The Unspeakable R Word
By Daniel Gross – Slate.com Saturday, March 1, 2008
Testifying before Congress, Federal Reserve Chairman Ben Bernanke conducted a master class in the art of understatement last week. "The economic situation has become distinctly less favorable since the time of our July report," he said. Consumers, who account for 70 percent of U.S. economic activity, have been hamstrung by the "continuing contraction of the U.S. housing market," rising energy costs, and slowing job creation. And thanks to "tighter credit conditions for some firms," business spending should be "subdued" for the next several months.
Distinctly less favorable? Subdued? It calls to mind Japanese Emperor Hirohito's comment on Aug. 14, 1945, that "the war situation has developed not necessarily to Japan's advantage."
In recent weeks, abundant evidence has pointed to a recession — a broad-based contraction of economic activity — from rising unemployment claims to the continued pain in housing. Wall Street economists, whose employers have been experiencing their own private recession since last summer, haven't shrunk from using the R word. But in certain quarters of Washington, euphemism and understatement, verging on outright denial, are par for the course. In an episode of the hit 1970s show Happy Days, Fonzie, laboring to concede error, repeatedly choked on the word wrong, unable to get past the "rrr" sound. (Trust me, it was funny.) In last year's hit comedy Knocked Up, a character, queasy about using the technical term for terminating a pregnancy, refers to a procedure that "rhymes with shmashmortion." Bernanke and the man who appointed him, President Bush, are clearly coping with similar verbal tics. Call it a slowdown, cite challenges, or insist the fundamentals are sound. But please don't call it a recession. Speaking at a press conference on Thursday, Bush said, "I don't think we're headed to recession, but no question we're in a slowdown."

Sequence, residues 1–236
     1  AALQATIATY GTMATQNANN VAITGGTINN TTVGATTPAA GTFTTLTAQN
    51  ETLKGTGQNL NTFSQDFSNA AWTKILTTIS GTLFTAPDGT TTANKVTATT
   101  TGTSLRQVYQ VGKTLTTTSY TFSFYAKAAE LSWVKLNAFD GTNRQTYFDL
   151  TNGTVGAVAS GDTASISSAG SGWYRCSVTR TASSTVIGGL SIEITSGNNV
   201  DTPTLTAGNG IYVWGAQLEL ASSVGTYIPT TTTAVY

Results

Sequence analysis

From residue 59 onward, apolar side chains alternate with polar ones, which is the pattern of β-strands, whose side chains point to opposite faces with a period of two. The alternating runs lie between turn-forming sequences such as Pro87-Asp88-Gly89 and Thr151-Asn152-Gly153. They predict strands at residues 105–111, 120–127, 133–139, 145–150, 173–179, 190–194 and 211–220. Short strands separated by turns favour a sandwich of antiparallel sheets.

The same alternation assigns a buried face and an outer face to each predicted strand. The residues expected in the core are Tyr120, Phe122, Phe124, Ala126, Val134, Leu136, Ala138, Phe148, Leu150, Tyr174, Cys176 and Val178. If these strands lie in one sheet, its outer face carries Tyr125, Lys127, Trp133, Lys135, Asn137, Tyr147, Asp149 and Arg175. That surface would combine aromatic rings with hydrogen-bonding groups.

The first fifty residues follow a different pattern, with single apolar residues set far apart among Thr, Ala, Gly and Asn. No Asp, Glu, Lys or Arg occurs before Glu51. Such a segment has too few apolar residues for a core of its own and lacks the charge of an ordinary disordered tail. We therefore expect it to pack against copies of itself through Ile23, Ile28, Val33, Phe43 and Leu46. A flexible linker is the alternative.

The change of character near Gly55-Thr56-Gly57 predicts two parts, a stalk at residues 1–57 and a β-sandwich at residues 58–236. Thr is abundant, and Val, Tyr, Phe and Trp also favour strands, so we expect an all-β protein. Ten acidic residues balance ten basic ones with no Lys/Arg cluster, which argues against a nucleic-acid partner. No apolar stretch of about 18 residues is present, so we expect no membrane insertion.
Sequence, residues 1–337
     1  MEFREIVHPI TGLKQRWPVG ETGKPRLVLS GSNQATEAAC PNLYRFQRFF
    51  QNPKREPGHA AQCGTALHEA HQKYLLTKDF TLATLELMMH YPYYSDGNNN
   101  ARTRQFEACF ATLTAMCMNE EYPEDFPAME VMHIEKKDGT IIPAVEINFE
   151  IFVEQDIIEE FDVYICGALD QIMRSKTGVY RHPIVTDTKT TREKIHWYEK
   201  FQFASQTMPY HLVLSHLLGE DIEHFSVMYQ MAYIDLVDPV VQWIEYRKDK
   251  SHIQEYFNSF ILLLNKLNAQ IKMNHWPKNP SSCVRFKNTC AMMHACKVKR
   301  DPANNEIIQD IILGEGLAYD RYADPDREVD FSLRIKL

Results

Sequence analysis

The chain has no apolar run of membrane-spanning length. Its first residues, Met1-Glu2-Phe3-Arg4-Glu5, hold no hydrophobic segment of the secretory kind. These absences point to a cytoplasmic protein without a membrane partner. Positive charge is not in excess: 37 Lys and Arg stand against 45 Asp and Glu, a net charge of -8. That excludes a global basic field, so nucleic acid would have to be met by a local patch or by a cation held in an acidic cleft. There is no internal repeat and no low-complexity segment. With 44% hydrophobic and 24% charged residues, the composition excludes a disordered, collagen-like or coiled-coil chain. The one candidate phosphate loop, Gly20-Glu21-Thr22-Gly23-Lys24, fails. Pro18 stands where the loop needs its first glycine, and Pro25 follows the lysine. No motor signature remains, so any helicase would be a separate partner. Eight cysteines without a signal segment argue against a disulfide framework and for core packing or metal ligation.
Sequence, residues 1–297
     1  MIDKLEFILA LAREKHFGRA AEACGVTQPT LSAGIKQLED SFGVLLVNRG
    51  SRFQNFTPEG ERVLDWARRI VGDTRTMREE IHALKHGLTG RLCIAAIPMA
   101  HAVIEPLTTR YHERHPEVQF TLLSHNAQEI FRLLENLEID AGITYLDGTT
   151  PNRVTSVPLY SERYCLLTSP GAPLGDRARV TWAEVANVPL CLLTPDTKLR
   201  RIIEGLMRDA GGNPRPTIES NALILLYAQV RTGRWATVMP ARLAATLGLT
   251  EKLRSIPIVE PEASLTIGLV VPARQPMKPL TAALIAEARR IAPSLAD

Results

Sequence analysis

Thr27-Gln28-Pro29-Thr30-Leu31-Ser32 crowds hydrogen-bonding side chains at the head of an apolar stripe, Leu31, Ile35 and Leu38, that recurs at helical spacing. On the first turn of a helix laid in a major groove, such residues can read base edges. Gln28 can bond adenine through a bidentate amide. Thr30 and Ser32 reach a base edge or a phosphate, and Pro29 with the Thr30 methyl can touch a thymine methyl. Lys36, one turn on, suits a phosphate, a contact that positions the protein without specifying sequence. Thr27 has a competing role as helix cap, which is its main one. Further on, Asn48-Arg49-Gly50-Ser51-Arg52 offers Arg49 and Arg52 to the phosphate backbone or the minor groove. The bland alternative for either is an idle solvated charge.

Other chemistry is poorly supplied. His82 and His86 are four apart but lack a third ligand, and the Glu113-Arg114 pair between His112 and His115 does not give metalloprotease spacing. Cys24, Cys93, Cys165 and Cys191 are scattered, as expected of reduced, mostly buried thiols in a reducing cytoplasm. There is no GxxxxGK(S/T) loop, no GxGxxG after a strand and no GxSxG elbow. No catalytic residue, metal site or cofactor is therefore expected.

Recessions are unspeakable for several reasons. Many have come to believe (erroneously) that central bankers and executives, by deploying information technology and superior management, have engineered the business cycle out of existence. In addition, the impact of a contraction is so ghastly as to spur denial. For any debt-laden entity—a consumer, a company, a government—a decline in revenues can have a very swift and painful impact. (Think about how soon you'd be begging for debt forbearance if your salary fell 10 percent tomorrow.) For a president, it is political poison to admit that an economic event that rhymes with shmashmession could be within the realm of possibility. Since recessions sap tax revenues, they tend to make huge deficits—like the $407 billion whopper projected for this fiscal year—even larger. And so, while the Blue Chip Economic Forecast in February cut its estimate for 2008 growth to 1.7 percent, the Office of Management and Budget is
sticking to its optimistic forecast of 2.7 percent—nearly 50 percent higher.
Last updated 06/03/2008